Wa is probably trying to give reassurances to China that when China provides the Wa with more sophisticated equipment in order to enable the Wa to protect themselves in case of the increasingly sophisticated junta air force, that this equipment is not for transfer to other actors. Regarding the small arms, many of which are produced in Wa State, China has much less ability to control that. The Wa has a quite diverse means of getting those smaller arms to whoever they want to ultimately sell at a probably significant profit.
Blazevic: Will China be ready to actively facilitate negotiations between the SAC [State Administration Council, the junta’s governing body], NUG, ethnic revolutionary organizations [EROs] and PDFs for the sake of its own strategic and business interest? Or would China rather stay away and let ASEAN be the facilitator of the negotiations? Or can China play a role in facilitating negotiations between the SAC and northern EROs, but leave out the NUG?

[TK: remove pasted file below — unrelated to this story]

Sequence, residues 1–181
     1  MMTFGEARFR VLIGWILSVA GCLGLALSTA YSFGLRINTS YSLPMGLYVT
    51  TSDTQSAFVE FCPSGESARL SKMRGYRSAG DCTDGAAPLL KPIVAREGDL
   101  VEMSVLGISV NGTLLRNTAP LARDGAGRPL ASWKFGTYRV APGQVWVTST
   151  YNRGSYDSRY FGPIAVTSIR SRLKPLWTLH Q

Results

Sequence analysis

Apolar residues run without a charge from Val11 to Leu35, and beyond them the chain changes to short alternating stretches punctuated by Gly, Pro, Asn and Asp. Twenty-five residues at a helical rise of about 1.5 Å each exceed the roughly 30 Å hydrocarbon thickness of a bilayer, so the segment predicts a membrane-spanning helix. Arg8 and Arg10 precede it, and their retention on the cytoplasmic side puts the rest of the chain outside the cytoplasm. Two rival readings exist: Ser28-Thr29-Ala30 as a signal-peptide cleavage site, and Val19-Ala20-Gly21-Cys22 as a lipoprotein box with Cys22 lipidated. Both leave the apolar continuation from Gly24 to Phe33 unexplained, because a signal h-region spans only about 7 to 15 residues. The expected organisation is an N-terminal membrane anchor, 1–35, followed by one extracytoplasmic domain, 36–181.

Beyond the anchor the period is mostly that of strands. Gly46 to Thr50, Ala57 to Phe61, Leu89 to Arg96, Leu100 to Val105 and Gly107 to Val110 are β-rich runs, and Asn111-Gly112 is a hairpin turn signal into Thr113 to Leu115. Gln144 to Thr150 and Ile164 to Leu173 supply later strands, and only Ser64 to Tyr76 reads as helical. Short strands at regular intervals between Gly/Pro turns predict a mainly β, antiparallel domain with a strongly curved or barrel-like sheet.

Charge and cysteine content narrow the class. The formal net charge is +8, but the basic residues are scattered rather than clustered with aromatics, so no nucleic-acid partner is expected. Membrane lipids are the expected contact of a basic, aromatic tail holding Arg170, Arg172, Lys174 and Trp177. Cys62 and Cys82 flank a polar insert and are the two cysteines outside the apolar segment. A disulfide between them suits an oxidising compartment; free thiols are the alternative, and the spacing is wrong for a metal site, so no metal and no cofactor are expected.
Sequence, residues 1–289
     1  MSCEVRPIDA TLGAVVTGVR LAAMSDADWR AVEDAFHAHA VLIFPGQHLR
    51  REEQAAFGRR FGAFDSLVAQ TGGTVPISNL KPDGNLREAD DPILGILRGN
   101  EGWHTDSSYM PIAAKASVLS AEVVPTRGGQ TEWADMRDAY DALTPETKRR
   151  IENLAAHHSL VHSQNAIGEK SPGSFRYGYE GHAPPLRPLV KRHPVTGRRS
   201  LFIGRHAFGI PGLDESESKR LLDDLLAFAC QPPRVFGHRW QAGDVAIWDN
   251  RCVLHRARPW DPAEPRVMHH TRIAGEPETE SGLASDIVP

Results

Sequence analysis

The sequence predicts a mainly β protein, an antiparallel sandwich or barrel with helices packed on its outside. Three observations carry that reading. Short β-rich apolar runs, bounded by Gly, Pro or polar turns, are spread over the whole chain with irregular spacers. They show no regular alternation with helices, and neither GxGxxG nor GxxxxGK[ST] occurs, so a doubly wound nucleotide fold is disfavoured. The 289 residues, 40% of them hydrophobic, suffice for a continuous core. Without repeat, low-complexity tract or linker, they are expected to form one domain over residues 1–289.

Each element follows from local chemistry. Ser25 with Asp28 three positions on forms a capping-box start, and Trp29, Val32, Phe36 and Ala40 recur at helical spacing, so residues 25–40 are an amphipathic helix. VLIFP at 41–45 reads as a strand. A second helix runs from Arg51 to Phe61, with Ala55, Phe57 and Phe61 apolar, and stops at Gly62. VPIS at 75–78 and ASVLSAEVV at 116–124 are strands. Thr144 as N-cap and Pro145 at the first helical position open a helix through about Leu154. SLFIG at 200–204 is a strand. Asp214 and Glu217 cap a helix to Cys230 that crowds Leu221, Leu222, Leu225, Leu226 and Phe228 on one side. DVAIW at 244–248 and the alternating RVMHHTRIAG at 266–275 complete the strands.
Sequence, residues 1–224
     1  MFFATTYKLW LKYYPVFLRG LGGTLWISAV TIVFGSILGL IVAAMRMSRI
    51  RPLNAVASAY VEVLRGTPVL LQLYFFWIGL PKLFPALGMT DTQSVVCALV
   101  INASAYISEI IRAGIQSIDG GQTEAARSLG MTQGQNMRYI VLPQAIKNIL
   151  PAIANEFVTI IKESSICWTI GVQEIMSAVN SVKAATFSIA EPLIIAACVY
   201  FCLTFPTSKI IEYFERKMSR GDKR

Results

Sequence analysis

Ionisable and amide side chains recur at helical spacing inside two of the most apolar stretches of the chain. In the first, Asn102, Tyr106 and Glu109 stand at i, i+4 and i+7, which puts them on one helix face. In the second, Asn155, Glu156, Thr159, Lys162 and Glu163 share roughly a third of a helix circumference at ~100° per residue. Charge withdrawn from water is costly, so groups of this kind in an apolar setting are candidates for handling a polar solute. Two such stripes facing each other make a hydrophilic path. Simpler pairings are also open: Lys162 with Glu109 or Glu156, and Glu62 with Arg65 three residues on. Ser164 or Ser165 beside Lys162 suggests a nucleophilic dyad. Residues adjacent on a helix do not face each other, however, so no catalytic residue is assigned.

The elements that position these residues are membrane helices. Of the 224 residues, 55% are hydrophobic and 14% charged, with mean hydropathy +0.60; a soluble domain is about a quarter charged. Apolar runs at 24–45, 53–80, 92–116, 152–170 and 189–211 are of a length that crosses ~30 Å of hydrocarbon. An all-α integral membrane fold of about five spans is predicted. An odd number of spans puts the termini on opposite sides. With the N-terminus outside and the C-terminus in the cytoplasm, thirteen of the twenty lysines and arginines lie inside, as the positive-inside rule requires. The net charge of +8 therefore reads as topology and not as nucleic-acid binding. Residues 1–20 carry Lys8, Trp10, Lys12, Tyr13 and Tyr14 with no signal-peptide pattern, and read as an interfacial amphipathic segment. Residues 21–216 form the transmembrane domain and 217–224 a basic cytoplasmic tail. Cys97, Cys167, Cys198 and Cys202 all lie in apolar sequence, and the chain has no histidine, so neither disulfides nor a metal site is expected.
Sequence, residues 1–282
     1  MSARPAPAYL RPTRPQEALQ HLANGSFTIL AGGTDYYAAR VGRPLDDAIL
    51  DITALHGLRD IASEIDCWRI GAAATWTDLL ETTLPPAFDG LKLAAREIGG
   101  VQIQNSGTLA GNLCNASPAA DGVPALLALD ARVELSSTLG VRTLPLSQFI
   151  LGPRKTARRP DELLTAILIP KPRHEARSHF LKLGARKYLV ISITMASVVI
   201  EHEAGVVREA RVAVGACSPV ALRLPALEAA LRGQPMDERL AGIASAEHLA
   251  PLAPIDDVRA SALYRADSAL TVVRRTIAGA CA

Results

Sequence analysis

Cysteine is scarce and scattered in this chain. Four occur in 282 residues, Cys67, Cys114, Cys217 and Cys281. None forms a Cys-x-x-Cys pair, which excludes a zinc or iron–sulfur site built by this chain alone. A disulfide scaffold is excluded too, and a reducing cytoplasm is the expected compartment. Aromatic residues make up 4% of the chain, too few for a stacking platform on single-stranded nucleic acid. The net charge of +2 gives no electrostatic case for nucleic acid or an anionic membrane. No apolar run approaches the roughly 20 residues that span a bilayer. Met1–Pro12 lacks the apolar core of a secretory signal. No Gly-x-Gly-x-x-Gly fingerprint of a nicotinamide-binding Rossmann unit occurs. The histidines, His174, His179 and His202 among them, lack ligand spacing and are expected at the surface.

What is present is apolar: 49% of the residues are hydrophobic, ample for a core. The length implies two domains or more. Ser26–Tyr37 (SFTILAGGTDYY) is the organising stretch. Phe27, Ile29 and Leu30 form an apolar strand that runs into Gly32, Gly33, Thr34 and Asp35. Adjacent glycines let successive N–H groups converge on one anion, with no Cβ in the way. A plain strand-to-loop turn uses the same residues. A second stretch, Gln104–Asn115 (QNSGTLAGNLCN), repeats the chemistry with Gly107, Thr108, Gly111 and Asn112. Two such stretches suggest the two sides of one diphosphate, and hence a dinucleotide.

Tower: So far, the newly deployed Chinese special envoy is focusing on eight parties; seven northern EAOs (the FPNCC [Federal Political Negotiation and Consultative Committee] members) plus the military. You don’t really see any effort so far to reach out to the NUG, the NLD party, or other more democratically oriented ethnic armed organizations and EAOs outside China’s immediate influence in the border area.
China is going to try and manufacture dialogues with a very narrow set of stakeholders which is something that ultimately will be beneficial for the very immediate interest of some EAOs, but also beneficial to the junta in terms of its strategy of dividing the resistance actors. That’s not a good thing for Myanmar overall though, because it’s going to create more fragmentation and likely cause a resumption of forms of ceasefire capitalism that lead to greater and greater influence of illicit business actors. This could also result in frustration and higher levels of violence in some parts of the country, particularly in the Burma heartland.